It is obvious that the “Jerusalem above” of Galatians 4:26 corresponds to the New Jerusalem of Revelation (which comes down out of heaven, Rev. 21:2, 10); but could first-century Jerusalem (Gal. 4:25) correspond to Mystery Babylon (Rev. 17:5)? The answer is Yes! Babylon is called “the great city” in Revelation (Rev. 17:18; 18:21), The very first place in Revelation that we encounter “the great city” (Rev. 11:8) we are told that it was where Jesus was crucified (i.e. Jerusalem). Like pagan Babylon, Jerusalem had destroyed God’s Temple (i.e. Jesus, John 2:18-22) and was persecuting God’s people. In Revelation, as in Galatians (4:29), one women persecutes the other (i.e. the harlot persecutes the bride, Rev. 17:6; 18:24, cf. Matthew 23:29-37). Similarly in Revelation, as in Galatians (4:30), one of the two women is cast out (Rev. 18:21) while the other woman receives her inheritance (the Lord takes the bride as His wife).

It should be noted that, like the two women of Galatians, the two women of Revelation are also two wives. It is obvious that the bride is a wife, as she becomes married (Rev. 21:9). It is easy to miss that the harlot is also a wife (cf. Ezek. 16:32), a widowed wife. Unfaithful Israel went from being a queen to a widow when she had her King killed (Rev. 18:7; cf. Matt 21:5). Again, the subject of Revelation is exactly the same as Galatians 4:21-31; both are talking about two women/cities who are two wives. The contrast of these two women is being used as a vehicle to contrast the two covenants and those who were part of them.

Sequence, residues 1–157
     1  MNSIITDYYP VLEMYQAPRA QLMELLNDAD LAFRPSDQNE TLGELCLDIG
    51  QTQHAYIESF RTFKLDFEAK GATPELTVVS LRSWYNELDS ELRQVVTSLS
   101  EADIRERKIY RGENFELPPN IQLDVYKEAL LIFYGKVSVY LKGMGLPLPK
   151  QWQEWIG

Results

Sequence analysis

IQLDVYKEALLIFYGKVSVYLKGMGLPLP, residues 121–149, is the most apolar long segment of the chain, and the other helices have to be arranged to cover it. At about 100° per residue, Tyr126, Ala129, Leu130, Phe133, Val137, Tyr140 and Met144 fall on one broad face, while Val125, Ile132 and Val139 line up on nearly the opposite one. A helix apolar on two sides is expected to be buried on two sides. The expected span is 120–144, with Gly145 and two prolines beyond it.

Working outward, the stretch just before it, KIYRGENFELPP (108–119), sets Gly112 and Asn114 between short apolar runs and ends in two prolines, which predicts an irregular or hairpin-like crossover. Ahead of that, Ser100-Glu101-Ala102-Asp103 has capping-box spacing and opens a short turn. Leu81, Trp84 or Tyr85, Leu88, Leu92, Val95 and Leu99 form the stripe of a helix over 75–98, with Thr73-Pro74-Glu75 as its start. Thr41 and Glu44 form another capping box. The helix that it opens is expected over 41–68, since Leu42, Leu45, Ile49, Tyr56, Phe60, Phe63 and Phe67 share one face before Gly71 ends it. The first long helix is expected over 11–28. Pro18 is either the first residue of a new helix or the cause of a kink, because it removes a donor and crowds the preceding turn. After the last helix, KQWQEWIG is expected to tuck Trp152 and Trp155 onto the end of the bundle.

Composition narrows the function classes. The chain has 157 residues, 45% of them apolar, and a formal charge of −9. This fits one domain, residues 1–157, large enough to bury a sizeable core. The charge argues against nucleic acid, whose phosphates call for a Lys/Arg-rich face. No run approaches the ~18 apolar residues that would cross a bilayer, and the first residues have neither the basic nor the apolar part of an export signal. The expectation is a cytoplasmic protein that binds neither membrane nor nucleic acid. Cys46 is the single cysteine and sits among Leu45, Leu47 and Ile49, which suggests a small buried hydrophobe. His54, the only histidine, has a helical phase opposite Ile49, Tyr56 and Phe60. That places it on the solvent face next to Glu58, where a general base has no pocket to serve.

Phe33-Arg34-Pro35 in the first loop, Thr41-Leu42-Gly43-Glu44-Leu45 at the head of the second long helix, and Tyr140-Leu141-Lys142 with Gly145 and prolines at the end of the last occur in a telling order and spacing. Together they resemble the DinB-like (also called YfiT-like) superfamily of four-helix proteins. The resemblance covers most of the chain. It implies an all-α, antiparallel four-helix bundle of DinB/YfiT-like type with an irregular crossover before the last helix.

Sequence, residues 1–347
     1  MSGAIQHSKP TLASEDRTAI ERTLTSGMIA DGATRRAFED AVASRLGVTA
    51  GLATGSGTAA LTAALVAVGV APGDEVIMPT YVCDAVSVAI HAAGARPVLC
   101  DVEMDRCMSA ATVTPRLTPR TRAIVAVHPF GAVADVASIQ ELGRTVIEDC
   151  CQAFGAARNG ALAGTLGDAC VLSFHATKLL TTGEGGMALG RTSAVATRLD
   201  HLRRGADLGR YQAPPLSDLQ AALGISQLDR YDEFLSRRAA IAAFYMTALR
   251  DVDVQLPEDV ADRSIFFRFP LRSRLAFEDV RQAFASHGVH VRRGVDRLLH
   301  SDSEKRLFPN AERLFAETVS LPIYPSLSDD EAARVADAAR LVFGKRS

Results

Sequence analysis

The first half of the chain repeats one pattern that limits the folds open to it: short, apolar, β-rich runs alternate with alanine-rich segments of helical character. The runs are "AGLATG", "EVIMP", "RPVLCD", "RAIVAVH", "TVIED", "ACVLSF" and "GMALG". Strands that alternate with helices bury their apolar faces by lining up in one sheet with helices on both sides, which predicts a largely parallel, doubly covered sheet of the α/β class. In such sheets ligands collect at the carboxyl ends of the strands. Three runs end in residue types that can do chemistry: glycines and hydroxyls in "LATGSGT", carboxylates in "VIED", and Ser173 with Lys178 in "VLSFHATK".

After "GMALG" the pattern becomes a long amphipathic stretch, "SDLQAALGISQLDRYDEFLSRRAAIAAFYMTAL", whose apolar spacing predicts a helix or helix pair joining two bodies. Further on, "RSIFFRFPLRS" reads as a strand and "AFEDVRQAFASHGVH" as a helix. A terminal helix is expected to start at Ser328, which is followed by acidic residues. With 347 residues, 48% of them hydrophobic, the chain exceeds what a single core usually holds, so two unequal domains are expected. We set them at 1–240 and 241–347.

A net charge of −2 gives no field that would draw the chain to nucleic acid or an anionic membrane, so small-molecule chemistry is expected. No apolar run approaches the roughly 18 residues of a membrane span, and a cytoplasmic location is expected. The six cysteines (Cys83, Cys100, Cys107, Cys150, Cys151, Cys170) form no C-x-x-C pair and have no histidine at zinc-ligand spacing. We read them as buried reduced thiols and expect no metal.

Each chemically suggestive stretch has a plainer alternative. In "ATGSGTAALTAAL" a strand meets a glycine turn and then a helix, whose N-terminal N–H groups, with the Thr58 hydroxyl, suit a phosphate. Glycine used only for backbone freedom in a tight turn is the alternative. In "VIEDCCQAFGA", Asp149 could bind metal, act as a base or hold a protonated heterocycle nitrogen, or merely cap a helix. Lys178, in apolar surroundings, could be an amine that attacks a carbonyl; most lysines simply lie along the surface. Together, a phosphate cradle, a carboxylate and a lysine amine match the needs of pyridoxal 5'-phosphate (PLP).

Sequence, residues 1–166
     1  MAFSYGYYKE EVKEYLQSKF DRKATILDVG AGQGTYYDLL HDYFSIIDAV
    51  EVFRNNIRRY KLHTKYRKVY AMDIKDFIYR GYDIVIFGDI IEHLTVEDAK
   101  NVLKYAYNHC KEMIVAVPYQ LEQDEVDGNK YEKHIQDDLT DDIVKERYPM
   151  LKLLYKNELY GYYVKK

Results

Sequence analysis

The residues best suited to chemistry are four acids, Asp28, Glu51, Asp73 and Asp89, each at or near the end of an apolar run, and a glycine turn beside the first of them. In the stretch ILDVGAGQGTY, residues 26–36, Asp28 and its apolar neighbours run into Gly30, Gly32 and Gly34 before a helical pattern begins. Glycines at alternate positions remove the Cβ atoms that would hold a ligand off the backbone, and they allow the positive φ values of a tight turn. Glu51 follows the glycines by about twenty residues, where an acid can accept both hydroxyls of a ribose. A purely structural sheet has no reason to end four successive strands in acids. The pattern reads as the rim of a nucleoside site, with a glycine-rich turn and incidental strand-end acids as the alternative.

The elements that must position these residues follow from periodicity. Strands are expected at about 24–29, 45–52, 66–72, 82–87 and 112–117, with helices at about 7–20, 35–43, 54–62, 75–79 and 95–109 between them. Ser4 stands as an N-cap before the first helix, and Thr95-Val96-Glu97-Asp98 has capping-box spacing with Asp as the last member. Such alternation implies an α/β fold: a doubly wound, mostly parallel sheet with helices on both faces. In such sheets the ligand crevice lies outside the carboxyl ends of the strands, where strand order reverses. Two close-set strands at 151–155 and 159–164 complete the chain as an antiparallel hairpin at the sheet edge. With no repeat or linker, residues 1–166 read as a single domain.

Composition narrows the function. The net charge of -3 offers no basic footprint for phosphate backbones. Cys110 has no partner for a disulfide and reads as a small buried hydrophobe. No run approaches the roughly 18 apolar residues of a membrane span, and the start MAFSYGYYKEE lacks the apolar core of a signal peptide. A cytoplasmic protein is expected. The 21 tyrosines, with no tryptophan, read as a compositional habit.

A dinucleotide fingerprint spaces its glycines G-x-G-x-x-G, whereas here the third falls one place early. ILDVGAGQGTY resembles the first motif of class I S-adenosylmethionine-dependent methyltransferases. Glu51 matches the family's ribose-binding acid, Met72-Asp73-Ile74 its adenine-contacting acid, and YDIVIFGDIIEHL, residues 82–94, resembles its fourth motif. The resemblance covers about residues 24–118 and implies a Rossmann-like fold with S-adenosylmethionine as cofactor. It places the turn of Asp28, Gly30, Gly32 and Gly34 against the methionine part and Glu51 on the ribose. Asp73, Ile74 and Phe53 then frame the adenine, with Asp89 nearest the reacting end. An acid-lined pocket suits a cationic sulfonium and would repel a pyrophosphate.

The judgments of Revelation climax in chapter 17-19 with the destruction of the persecuting city of Babylon (Rev. 18:24) and then God marries His bride (Rev. 19:7). The exact same scenario of the burning of a wicked city (Matt. 22:7; Rev. 18:8) followed by a wedding is found in Matthew 22: